Forecast growth of at least 25 per cent in online sales and in its new brands in 2018, but said sales from existing stores would fall further
H&M expects store sales to continue falling
Sweden's H&M cautioned on Wednesday that sales from its existing stores would continue to fall this year even as booming e-commerce should help lift earnings.
After decades of rapid expansion, the world's second largest clothes retailer behind Zara-owner Inditex has seen sales growth stall in recent years as it has struggled to adapt to the shift online and fend off competition from other budget brands.
A secretive company still controlled by the family of Erling Persson who founded the company in 1947, H&M held its first-ever capital markets day on Wednesday in a bid to reassure investors, stung by a halving of the share price since March 2015.
"We understand the need to be more transparent," chairman Stefan Persson, the founder's son, told investors assembled in downtown Stockholm. "Especially since we have had a challenging year ... where we have underperformed both against our own plans and of course market expectations."
The stock initially rose on Wednesday but then reversed course, falling 2.4 per cent by 10.06am GMT, increasing its discount to Inditex, which was up 1.2 per cent.
"Some had hopes for at least some like-for-like sales growth in 2018, but no,” said one fund manager, who declined to be identified.
H&M forecast growth of at least 25 per cent in online sales and in its new brands such as COS and H&M Home in 2018, but said sales from existing stores would fall further, noting a tough start due to high stock levels and problems with its ranges.
By contrast, Inditex said sales at its more than 7,500 stores and online increased 13 per cent at constant exchange rates between November 1 and December 11.
H&M has invested heavily in digitalisation to catch up with the likes of online-only players like Asos and Zalando . It now offers e-commerce in 43 of its 69 markets, while Inditex is online in 45 of its 94 markets.
However, Inditex has a more flexible supply chain that has allowed it to better integrate its stores and websites than H&M, enabling in-store deliveries and returns of online orders that its Swedish rival has been slower to introduce.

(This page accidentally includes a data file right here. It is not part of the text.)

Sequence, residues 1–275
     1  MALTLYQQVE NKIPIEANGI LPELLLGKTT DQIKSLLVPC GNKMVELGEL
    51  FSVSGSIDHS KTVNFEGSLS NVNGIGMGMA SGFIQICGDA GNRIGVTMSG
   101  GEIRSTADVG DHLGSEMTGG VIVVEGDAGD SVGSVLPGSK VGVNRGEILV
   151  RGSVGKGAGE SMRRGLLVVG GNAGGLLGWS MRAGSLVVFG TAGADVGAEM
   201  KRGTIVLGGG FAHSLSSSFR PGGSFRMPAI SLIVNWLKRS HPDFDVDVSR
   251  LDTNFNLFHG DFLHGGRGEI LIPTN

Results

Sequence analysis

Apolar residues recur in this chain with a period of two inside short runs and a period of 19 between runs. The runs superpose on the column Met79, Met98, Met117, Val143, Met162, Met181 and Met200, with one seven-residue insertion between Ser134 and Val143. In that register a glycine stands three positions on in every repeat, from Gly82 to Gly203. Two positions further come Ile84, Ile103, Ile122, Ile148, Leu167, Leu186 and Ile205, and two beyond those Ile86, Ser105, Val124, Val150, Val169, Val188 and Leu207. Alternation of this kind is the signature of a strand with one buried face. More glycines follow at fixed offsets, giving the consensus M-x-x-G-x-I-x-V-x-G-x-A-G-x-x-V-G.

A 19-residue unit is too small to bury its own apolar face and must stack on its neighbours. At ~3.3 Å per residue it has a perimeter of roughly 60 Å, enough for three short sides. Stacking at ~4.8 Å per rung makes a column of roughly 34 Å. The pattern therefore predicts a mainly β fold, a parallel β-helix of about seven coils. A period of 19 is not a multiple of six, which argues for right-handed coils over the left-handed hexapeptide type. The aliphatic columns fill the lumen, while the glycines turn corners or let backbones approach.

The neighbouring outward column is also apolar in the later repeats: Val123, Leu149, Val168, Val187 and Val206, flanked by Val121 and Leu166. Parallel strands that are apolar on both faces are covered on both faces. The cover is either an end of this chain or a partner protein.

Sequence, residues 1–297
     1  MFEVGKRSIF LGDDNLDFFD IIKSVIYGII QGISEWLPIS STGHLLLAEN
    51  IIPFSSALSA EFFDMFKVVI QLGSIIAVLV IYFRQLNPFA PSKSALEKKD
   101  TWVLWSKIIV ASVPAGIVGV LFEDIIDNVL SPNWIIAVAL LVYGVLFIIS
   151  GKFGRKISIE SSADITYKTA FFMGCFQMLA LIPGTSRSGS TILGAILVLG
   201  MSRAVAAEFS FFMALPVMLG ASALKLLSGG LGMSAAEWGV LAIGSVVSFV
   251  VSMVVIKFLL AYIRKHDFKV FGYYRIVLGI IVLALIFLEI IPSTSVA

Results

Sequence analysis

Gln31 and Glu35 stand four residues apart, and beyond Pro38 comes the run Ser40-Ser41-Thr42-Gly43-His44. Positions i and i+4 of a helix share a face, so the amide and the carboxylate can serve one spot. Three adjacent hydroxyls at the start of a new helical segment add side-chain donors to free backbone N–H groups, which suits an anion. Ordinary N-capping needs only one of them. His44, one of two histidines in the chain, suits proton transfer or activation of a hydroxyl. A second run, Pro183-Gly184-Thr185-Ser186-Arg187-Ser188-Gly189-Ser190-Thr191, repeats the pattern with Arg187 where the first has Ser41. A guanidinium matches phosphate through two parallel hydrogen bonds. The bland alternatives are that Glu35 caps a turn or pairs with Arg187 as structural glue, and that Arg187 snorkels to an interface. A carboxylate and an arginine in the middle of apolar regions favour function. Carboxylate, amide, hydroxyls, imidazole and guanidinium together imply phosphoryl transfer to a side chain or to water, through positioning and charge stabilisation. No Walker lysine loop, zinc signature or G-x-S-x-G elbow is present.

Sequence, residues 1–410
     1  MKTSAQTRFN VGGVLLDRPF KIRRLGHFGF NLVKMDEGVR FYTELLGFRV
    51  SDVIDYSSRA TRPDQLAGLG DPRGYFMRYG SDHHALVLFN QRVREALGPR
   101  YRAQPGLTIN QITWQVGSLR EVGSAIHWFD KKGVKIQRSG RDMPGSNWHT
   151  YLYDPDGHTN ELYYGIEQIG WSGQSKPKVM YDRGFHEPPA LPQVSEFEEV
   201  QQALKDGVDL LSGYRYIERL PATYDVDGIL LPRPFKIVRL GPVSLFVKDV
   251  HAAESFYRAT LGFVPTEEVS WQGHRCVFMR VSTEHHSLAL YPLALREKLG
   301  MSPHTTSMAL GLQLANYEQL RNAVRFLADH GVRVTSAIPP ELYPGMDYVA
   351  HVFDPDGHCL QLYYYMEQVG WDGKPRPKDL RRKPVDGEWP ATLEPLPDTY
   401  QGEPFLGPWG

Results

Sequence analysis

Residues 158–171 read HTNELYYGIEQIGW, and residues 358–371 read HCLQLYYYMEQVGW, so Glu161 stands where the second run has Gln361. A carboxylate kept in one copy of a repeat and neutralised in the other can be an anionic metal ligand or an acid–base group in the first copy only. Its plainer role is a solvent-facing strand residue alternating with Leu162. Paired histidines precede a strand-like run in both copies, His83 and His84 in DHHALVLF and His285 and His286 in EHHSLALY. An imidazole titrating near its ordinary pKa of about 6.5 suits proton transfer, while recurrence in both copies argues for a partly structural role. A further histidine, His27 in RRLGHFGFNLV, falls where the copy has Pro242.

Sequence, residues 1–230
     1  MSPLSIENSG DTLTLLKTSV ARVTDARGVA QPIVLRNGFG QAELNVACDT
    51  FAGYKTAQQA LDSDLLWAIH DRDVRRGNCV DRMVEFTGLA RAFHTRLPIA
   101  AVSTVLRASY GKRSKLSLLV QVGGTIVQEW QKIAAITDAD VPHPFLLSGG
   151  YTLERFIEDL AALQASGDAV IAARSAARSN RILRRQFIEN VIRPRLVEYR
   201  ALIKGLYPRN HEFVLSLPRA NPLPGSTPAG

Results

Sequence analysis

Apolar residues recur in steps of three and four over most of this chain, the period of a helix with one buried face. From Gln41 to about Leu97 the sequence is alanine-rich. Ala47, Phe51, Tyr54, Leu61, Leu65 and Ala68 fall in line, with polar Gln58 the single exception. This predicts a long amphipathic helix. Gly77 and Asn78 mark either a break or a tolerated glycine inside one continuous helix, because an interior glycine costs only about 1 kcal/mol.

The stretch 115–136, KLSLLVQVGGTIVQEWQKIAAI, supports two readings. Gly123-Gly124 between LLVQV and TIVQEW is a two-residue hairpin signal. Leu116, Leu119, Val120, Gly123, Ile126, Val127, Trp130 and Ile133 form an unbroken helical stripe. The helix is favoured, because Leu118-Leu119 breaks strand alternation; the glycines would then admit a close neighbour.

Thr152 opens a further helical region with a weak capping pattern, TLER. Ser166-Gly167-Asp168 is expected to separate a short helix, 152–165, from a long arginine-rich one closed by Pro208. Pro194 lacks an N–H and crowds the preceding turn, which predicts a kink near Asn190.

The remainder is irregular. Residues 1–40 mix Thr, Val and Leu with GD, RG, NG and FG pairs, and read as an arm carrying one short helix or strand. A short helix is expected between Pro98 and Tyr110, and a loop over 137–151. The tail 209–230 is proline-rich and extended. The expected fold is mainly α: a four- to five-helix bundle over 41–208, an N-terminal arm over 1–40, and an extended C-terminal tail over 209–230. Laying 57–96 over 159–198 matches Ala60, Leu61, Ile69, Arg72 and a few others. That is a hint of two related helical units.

Portfolio manager John Hernander at Nordea, a top-10 H&M shareholder, said: "Given the negative surprises in the past quarters, H&M probably needs to show that the trend has changed before the stock comes into a positive trend for real, but the information today signals a more forward-looking H&M."
H&M said it expected "somewhat better" pre-tax earnings for the 2017/18 financial year. Analysts had been expecting a pre-tax profit of 19.9 billion Swedish kroner (Dh9.08bn) this fiscal year, according to Reuters, down from a 20.8bn Swedish kroner profit in the 2016/17 fiscal year.
H&M said it expects physical stores to return to comparable growth from 2019 onwards, with considerably lower price markdowns, although there could still be a "slight increase" in markdowns in the 2017/18 fiscal year.
It also forecast online sales of 75bn kroner in 2022, up from 29bn kroner in 2016/17, and new brands to achieve sales of 50bn kroner in 2022, up from 17bn kroner in 2016/17.
"Overall, this is expected to lead to good increases in profit," said chief executive Karl-Johan Persson, the founder's grandson.
The group said its online channel accounted for 12.5 per cent of total sales in 2016/17, but 22 per cent of operating profit.
H&M, which has said it will close some stores in mature markets in regions such as Europe, said it expected newly opened stores to increase sales for the group by between 1 and 3 per cent in the 2019 to 2022 period.
It also held out the prospect of additional growth from two "completely new business models" it is working on, without elaborating.